Gee's Legacy Stretches Far Beyond His Downfall
By Patrick Murphy
COLUMBUS, Ohio — What was a beautiful, sunny, 70 degree day in Columbus, Ohio, was clouded by the announcement that Ohio State University President E. Gordon Gee plans to retire, effective July 1. Gee darkened the day for students, faculty, and staff in an e-mail announcement.
His decision, if it was indeed his, comes after recent reports of comments made in December during a meeting of the Ohio State Athletic Council, where Gee poked fun at Catholics, the University of Louisville, and schools in the SEC.
In discussing the attempt to persuade Notre Dame to join the Big Ten previously, Gee said, “The fathers are holy on Sunday, and they're holy hell on the rest of the week. You just can't trust those damn Catholics on a Thursday or a Friday, and so, literally, I can say that.”
Later in the meeting at Ohio Stadium, Gee continued the discussion on expansion, saying the Big Ten’s goal was to “make certain that we have institutions of like-minded academic integrity,” and followed that up with, "So you won't see us adding Louisville.” After the laughter ceased, Gee added that the Big Ten would not be adding Kentucky either.
In regards to those in the SEC making fun of the Big Ten’s name – stating people in the conference need to learn to count since there have been more than 10 members since Penn State joined in 1993 – Gee stated, “"You tell the SEC when they can learn to read and write, then they can figure out what we're doing,” attacking some SEC school poor academic reputation.
This is not the first time the president has made comments that offended people. In 2010 Gee referred to the opponents of Boise State and Texas Christian University as “the Little Sisters of the Poor,” in reference to their easier path to an undefeated season than that of Big Ten or SEC schools. Again, these comments were an attempt at humor.
After the tattoo scandal in the spring of 2011, Gee stated that he hoped Jim Tressel did not fire him, when asked if the coach’s job was in jeopardy. This raised questions nationally as to who was actually in charge, the head football coach or the university president.
Comments like these are a part of Gee’s personality, a personality that made him so liked by those at Ohio State. How many students around the country can say they have had their president crash a weekend house party and willingly take pictures with all in attendance? If you went to OSU under Gee’s most recent tenure, there’s a good chance you can.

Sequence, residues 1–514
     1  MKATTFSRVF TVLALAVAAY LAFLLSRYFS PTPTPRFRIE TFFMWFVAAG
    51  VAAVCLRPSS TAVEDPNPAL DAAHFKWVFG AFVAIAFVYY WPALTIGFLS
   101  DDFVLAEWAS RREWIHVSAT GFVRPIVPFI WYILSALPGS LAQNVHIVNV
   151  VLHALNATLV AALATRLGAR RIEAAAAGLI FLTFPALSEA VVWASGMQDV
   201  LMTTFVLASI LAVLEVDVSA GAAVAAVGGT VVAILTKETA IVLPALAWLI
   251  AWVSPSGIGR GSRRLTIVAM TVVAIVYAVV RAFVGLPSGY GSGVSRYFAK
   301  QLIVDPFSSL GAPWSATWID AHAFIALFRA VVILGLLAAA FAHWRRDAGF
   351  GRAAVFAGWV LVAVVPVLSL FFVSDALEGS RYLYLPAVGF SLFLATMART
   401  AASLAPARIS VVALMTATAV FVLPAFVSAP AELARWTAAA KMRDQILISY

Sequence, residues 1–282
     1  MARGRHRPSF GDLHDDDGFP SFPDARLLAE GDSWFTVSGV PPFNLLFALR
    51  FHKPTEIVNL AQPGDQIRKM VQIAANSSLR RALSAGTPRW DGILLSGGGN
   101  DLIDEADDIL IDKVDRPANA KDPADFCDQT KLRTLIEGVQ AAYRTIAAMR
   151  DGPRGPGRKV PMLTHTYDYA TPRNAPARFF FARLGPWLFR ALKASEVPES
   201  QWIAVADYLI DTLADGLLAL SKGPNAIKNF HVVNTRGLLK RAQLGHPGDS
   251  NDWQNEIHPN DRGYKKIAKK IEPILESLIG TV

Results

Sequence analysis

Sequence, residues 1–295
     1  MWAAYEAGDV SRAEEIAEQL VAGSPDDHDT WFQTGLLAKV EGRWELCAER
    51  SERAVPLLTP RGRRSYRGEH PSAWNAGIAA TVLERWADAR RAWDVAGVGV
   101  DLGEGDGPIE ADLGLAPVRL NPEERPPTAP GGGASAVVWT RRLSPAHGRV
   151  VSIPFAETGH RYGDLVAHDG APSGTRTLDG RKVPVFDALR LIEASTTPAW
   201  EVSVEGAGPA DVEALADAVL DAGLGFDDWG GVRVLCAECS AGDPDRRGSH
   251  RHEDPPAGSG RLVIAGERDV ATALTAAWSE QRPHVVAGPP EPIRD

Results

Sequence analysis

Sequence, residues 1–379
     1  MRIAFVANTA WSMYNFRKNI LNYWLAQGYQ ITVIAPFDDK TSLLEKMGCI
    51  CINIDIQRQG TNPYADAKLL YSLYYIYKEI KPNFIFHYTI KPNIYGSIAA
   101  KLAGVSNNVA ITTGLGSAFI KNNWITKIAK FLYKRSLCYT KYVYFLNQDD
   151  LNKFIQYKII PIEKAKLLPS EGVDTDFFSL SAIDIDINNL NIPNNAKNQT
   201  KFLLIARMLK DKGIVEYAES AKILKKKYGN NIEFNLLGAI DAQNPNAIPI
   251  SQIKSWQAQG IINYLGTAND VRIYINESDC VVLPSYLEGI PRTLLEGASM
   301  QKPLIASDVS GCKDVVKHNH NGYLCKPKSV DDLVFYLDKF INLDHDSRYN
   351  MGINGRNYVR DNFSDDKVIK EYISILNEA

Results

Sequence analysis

Gordon Gee (center) crashes a house party. L-R Article author Patrick Murphy, Brian Doyle, Alex Logeais, Gee, Kevin Kray and Ryan Miller.
Photo by Patrick Murphy
He is a fun-loving grandfather figure, who embraced the university’s love for sports and decided to speak his mind about topics that other presidents may have avoided. Those presidents are likely in their mansions on Friday and Saturday night, not walking down High Street with coeds.
In no way is it Gee’s job to attend parties with students, but that is part of what has made him both successful and who he is. During his time here, Ohio State’s academic profile has increased and the school has become a more highly-selective university. Not to mention Gee’s knack for raising billions of dollars, benefiting everyone at Ohio State.
His unique nature was ultimately his downfall. What is being labeled as a “retirement,” will not fool Buckeye fans. Just as Tressel was likely forced to leave, and those in charge called it a retirement, Gee departs under the same circumstances, and no one is going to believe this was his call to make.
His age and candor made him loveable to those at Ohio State who came in contact with him, but also drove him from his job. If this were a different era, one that did not feature social media and a need for a story, Gee’s comments may have only fallen on the ears of those present. Now, a lull in sports talk meant that five-month old comments were released and have been the talk of college football for the last week.
L- R. Patrick Murphy, Gordon Gee
and Greg Meyer.
Photo by Patrick Murphy
Not that Gee’s comments were appropriate, nor is this his first time needing to apologize for something he said, but this is just the man he is. When Ohio State brought him back, they did so knowing what he would bring.
Gee enjoys life and attempts to have fun with what he does. That is why at 69-years old, he is spending his weekends with college students and throwing punch lines out that would likely be heard at the bars the students likely will later depart for.
He has always done things his way and that is something commendable. To those he offended, he has already apologized, but the good he did for OSU, and the four other universities he presided over, should not be overshadowed by his attempts to lighten the mood and amuse and appeal to those around him.